This is the difference between gender and sexuality

Transgender community gathers to protest hate crimes in Pakistan

Many assume gender identity and sexual orientation are linked, but the two concepts are different and it’s important to know why.

On a very basic level, gender identity is described as being more about who you are, and sexual orientation is defined as who you want to be with.

If someone is transgender, for example, some people assume that they must also be lesbian, gay or bisexual – but this is not the case.

However, gender and sexuality is (obviously) much more complex than this.

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What is gender identity?

Gender identity is your own personal perception of yourself – and there are many different genders outside of male and female. And importantly, the gender with which someone identifies might not match the gender they were assigned at birth.

According to the Human Rights Campaign, gender identity is the “innermost concept of self as male, female, a blend of both or neither – how individuals perceive themselves and what they call themselves.”

Gender is complicated because different genders come with a host of societal expectations about behaviours and characteristics, which can have negative impacts on people.

Societal expectations of gender norms – or gender roles – often dictate who can and should do what.

A Pakistani transgender activist (ASIF HASSAN/AFP/Getty)

For instance, women have historically faced setbacks in the workplace, or fewer opportunities, purely because they are women and for no other reason.

Whereas from a traditional viewpoint, men are expected to make decisions, and naturally be authoritative when at work.

Gender also has legal implications. In the UK, anyone who wants to legally change the gender they were assigned with at birth has to apply for a Gender Recognition Certificate, but it is a lengthy and difficult process so not everyone chooses to do this.

To qualify for the certificate, people must have lived for two years in the gender they identify with and have a medical diagnosis of gender dysphoria.

Gender dysphoria is a condition where someone experiences distress because there is a mismatch between their gender identity and biological sex.

What is transitioning?

Transitioning describes the steps which a transgender person may take to live in the gender with which they identify.

The process is different for each person and may include medical intervention such as hormone therapy and surgeries, but not everyone wants or is able to have this.

It may involve transitioning socially, either by wearing different clothing, using names or pronouns or telling friends and family.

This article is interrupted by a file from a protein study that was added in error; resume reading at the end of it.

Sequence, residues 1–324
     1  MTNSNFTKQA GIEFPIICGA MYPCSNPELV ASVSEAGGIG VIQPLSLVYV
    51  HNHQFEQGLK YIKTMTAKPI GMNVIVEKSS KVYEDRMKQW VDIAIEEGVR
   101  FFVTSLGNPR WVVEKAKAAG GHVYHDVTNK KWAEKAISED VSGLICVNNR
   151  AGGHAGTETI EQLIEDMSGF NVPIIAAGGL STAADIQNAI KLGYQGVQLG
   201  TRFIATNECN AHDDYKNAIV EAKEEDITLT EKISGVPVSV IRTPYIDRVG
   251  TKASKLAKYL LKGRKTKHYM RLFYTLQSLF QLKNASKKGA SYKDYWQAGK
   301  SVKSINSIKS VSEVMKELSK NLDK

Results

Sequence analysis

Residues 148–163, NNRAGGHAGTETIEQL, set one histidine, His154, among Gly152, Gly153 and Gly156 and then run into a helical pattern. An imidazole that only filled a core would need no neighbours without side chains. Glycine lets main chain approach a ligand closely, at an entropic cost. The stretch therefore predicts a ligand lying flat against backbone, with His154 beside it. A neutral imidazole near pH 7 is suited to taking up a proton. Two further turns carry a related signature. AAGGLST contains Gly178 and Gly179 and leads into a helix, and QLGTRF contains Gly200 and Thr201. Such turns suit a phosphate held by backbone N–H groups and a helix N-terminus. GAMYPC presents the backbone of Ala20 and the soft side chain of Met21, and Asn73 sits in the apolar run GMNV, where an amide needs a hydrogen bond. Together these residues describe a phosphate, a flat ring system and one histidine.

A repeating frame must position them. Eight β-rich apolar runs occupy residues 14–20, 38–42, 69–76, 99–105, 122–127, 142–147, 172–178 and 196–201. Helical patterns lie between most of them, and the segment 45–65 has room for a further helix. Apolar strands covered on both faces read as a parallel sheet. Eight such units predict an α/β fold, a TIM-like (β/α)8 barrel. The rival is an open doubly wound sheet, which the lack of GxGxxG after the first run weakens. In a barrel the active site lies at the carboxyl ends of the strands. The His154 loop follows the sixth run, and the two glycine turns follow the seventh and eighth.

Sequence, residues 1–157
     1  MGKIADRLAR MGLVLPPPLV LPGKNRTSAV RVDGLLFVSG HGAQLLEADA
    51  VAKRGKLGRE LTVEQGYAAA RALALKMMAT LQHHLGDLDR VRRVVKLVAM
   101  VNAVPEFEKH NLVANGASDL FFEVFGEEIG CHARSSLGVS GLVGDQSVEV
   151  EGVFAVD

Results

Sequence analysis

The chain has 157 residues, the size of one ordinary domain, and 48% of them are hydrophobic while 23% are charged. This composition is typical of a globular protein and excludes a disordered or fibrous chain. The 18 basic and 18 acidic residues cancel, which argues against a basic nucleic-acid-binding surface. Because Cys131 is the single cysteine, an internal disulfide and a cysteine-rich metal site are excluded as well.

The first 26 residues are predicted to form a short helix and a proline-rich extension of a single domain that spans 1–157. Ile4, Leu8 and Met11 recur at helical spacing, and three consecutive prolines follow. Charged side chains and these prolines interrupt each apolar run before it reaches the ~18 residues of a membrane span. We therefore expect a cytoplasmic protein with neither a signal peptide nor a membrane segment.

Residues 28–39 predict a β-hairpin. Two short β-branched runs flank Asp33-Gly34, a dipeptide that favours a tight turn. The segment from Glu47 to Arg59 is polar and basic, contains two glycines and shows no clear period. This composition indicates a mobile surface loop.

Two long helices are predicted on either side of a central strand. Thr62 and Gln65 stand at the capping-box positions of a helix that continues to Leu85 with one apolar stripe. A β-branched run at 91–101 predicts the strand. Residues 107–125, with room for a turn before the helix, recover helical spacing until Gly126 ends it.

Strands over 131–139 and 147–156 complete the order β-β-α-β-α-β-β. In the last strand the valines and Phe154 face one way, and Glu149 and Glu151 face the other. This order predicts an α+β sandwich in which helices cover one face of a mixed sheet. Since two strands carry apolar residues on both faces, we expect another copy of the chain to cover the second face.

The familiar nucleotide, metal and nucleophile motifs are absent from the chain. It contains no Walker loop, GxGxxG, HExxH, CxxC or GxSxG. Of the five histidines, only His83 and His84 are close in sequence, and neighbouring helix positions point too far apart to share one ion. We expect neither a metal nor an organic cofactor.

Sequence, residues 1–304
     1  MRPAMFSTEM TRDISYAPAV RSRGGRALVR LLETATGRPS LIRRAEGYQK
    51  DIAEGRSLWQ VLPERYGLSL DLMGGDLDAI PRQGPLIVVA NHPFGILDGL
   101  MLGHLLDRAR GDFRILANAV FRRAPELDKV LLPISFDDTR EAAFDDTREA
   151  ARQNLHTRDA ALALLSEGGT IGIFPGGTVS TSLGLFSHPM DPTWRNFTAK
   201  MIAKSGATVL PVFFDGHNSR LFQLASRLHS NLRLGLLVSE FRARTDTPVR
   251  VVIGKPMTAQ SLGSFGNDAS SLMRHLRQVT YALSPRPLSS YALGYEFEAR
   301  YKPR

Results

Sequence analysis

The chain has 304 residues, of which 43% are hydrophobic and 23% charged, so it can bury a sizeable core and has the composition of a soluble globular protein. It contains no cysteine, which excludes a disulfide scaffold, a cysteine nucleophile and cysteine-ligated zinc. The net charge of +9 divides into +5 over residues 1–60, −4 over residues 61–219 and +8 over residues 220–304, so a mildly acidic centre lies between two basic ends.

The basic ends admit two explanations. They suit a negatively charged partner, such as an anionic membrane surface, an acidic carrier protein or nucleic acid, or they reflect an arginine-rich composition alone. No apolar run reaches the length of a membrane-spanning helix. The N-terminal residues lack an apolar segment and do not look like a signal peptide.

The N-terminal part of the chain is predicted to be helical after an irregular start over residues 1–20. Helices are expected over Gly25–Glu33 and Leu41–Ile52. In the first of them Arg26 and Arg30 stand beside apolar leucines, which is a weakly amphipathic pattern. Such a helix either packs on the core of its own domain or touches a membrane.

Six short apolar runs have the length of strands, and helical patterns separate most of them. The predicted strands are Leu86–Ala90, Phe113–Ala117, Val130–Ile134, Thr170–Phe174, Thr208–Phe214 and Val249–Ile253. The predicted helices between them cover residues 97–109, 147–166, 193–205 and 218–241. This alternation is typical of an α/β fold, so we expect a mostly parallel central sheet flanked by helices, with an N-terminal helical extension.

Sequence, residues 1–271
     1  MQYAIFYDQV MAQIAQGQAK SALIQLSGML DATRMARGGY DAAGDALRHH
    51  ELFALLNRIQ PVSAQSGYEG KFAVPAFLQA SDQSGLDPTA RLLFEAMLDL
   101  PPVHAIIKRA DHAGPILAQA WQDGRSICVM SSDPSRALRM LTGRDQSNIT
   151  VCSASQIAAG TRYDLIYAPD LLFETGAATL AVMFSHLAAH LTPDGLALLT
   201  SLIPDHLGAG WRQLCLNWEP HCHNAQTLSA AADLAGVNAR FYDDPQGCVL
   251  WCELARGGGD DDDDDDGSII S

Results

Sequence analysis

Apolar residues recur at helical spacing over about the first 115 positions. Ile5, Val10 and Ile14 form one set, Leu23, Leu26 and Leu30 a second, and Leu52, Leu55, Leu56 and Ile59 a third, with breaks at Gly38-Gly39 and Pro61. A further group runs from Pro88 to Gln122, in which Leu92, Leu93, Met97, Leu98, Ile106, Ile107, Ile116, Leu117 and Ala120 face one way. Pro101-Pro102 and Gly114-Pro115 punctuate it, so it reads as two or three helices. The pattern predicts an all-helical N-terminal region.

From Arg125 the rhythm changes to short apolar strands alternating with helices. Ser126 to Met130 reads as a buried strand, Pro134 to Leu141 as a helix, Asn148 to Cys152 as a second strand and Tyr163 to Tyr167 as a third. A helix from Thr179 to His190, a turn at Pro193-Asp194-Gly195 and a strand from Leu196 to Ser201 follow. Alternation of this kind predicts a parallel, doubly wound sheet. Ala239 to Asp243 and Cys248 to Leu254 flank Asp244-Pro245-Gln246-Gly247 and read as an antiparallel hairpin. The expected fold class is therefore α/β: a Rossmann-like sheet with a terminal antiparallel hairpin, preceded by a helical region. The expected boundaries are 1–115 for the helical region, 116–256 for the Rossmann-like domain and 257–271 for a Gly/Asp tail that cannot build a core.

Gender expression is how someone expresses their gender identity externally, for example, through appearance – clothing, hair or make-up – or through their behaviour.

This is the difference between gender and sexuality (Manjunath Kiran/AFP/Getty)

Related: Portugal passes law to let trans people self-identify their legal gender

What is sexuality?

Sexual orientation is about who you are interested in being intimate with, in a relationship with, or interested in dating.

The Human Rights Campaign describes sexual orientation as “the inherent or immutable enduring emotional, romantic or sexual attraction to other people.”

Sexuality comes in many different forms and someone may be gay, straight, bisexual, pansexual or one of the many other sexual identities that exist.

Someone who is asexual does not experience sexual attraction.

Members of the LGBT (lesbian, gay, bisexual, and transgender) community who are also migrants or refugees, demonstrate to demand better recognition in The Hague, on September 5, 2017. / AFP PHOTO / ANP / Remko DE WAAL / Netherlands OUT (Photo credit should read REMKO DE WAAL/AFP/Getty Images)


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Although gender identity and sexual orientation are often confused, it can be detrimental to assume the two are linked as it can lead to stereotyping and incorrect assumptions.

As a consequence, some people are against the grouping together of “lesbian, gay, bisexual and transgender” in the acronym LGBT.

The NHS’ Gender Identity Development Service acknowledges that there is “a degree of overlap” in the language used to think about sexual orientation and gender identity and the “shared histories of marginalisation, community and activism.”

However, it’s important to remember that marginalisation and abuse on the basis of gender identity – for example, transphobia – and sexual orientation – homophobia – are two separate issues.